Church janitor charged in slaying of NJ priest

| October 24, 2009

MORRISTOWN, N.J. — A janitor was charged with murder Saturday in the slaying of a priest whose body was found in the rectory of his northern New Jersey church.

Morris County Prosecutor Robert Bianchi said that 64-year-old Jose Feliciano stabbed and cut the Rev. Ed Hinds 32 times on Thursday after the pair argued. Bianchi would not provide further details about the argument.

The 61-year-old Hinds was in his clerical robes when he was killed while in the rectory kitchen of St. Patrick's Roman Catholic Church in Chatham. Hinds' body was found at about 8 a.m. Friday after he failed to show up for Mass.

"Mr. Feliciano had gotten into an argument with the pastor at approximately 5 p.m. the night before," Bianchi said. "It was during that altercation that the pastor was assaulted. Mr. Feliciano grabbed a knife inside of the rectory and inflicted the multiple stab wounds that led to the unfortunate demise of the pastor."

Feliciano, who had worked at the church for 17 years, was arrested Saturday. He also faces weapons charges.

Bianchi said investigators found the priest's cell phone, bloody clothing and a bloody towel at Feliciano's Easton, Pa., home.

Bianchi said Feliciano was one of two people who said they found the body, and drew the suspicion of investigators when he made a halfhearted attempt at CPR on Hinds. They also said Feliciano's son graduated from the church's school and that his daughter is a student there.

The priest had wounds on his upper torso, the back of his body and his head that were created by a kitchen knife, officials said. Hinds also had defensive wounds on his hands and face, Bianchi said. An autopsy determined that the cause of death was severe trauma.

The slaying rocked the New York City bedroom community of about 10,000 residents, where Hinds was familiar face and much-beloved presence. It was the first violent death in Chatham since a 1990 manslaughter case.

Earlier Saturday, parishioners stepped over knee-high crime scene tape to attend morning Mass and remember the pastor they called "Father Ed," whom they described as warm, outgoing and very community-oriented.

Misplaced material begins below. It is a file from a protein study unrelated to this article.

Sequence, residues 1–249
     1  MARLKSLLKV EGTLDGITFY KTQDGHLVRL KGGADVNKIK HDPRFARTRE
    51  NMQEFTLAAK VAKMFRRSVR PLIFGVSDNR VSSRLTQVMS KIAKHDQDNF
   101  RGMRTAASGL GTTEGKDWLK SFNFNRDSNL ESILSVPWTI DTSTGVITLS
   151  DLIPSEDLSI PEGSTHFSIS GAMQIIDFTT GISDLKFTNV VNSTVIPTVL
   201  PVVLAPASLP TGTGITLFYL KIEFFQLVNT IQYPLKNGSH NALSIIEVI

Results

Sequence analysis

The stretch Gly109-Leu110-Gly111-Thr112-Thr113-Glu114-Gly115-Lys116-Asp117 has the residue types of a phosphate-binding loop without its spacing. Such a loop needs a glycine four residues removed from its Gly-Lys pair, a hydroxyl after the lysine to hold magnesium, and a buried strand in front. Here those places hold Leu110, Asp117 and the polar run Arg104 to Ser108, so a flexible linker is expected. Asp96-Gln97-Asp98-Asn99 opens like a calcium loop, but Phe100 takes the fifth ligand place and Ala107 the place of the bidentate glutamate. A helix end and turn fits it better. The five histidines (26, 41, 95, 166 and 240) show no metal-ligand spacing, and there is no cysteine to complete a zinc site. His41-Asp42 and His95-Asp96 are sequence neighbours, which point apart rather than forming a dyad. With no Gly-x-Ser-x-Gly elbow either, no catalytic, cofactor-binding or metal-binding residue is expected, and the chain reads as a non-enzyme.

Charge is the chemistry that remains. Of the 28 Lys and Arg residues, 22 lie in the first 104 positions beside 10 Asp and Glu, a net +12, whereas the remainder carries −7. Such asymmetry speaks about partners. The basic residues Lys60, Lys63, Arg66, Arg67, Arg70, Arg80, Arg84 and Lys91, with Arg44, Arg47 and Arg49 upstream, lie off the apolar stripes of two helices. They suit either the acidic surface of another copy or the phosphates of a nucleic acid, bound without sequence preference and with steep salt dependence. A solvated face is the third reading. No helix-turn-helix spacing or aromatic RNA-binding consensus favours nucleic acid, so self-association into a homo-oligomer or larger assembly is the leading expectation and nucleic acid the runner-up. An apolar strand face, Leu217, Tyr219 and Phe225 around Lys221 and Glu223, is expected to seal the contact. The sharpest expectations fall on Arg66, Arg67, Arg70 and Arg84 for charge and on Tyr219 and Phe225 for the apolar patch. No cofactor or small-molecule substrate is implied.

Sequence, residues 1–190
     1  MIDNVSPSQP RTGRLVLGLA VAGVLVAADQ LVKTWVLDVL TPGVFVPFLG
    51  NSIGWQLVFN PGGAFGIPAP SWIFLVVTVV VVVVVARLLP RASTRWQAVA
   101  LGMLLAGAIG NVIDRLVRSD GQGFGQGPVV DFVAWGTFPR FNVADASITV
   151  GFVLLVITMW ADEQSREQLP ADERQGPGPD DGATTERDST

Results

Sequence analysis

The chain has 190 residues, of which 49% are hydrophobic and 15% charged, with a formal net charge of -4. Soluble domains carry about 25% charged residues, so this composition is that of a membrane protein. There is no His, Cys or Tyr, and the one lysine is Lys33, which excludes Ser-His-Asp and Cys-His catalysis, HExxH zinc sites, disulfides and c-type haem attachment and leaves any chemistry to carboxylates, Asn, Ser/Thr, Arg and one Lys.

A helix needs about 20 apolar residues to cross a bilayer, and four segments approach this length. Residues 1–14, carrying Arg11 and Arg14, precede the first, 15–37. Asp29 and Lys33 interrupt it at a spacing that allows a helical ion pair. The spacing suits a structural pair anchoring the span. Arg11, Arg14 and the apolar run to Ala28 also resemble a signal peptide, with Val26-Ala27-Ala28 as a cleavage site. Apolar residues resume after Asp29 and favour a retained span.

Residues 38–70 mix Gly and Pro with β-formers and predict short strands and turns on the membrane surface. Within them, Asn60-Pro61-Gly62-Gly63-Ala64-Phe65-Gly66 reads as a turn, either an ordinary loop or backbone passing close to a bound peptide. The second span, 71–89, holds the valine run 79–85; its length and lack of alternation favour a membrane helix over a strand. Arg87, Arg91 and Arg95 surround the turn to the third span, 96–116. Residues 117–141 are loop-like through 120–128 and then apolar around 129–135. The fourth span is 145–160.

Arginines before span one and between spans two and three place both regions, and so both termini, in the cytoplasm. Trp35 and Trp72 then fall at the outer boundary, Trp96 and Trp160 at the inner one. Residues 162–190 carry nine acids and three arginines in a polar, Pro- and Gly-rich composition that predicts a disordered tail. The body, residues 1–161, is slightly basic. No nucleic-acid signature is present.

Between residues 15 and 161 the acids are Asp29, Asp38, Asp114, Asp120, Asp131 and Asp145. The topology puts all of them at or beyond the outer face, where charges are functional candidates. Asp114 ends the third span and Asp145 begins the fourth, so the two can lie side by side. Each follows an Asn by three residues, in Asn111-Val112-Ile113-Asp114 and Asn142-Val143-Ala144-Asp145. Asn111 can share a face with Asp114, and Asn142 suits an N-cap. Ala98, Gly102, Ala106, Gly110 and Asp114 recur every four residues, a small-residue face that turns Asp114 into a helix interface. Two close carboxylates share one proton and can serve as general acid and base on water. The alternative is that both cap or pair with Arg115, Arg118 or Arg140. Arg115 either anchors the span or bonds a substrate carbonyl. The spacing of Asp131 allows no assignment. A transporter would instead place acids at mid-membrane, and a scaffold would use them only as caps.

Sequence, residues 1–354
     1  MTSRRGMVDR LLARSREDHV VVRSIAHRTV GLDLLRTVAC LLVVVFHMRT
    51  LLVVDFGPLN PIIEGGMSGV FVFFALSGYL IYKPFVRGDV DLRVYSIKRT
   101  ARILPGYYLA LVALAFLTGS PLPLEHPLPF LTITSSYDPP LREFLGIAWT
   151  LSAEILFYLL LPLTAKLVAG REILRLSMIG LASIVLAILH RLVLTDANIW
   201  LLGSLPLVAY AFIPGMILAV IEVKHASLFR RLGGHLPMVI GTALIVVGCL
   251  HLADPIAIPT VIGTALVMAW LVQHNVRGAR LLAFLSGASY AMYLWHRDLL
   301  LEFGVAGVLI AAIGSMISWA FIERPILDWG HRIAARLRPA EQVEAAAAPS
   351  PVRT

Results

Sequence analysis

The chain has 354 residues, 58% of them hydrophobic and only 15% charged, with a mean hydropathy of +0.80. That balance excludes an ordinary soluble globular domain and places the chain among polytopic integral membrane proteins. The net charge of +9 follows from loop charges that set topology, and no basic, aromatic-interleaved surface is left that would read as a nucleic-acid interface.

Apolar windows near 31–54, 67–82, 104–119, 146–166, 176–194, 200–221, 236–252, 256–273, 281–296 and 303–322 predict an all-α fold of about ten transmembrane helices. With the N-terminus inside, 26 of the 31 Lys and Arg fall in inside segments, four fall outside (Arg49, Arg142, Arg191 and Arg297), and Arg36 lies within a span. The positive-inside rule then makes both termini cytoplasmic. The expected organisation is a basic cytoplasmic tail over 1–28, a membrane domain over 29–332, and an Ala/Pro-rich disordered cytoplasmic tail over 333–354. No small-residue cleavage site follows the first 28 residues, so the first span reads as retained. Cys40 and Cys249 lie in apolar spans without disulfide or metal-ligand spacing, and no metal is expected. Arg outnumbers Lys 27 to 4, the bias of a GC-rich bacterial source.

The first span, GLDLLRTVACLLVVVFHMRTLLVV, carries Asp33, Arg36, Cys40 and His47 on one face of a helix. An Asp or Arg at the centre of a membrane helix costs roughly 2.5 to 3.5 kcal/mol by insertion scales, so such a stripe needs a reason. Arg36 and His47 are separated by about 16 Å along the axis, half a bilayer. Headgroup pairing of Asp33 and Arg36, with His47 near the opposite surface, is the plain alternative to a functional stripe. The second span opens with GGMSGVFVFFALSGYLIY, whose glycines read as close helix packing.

Police and church officials guided about 300 parishioners in a light drizzle into the school gym next to the church. Once inside, many wiped away tears as church leaders said Hinds would have wanted parishioners to go on and find strength in their faith.

"We're strong and we're hope-filled, and we know we'll get through this. We have each other, we have Christ, and we're not afraid," the Rev. Owen Moran told the Star-Ledger of Newark afterward. "The idea of Father Ed's life is that he was planting seeds here in this parish for six years. And now the seeds must grow and continue the mission of Christ in this world."

The parish's 5 p.m. Saturday Mass began about the same time Bianchi announced the arrest during a news conference at the county administration building in Morristown, about 20 minutes away.

Hinds, who was born in nearby Morristown, had been pastor at the parish since 2003, after serving at St. Michael Church in Netcong and Our Lady of Mount Carmel Church in Boonton. He was ordained in 1974.

Following an early stint at St. Patrick's, he went on to become the vice chancellor of the Roman Catholic Diocese of Paterson and secretary to the bishop from 1978 to 1985.

Joe Korkuch is not a member of St. Patrick's parish, but said he spoke with Hinds almost every night as Hinds walked his dog, a cocker spaniel named Copper, through the neighborhood.

Pat Patello, 52, a member of the parish who lives a block from the church, says she deeply misses Hinds.

"It's so sad. I don't think this town will ever get over this, it really gets to the heart of the community," she said Saturday afternoon while walking her dog. "I'm so shocked and saddened … I'm used to seeing him out walking his dog every morning on my way to work. He always waved to me as I drove by."

 

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Category: Church Security

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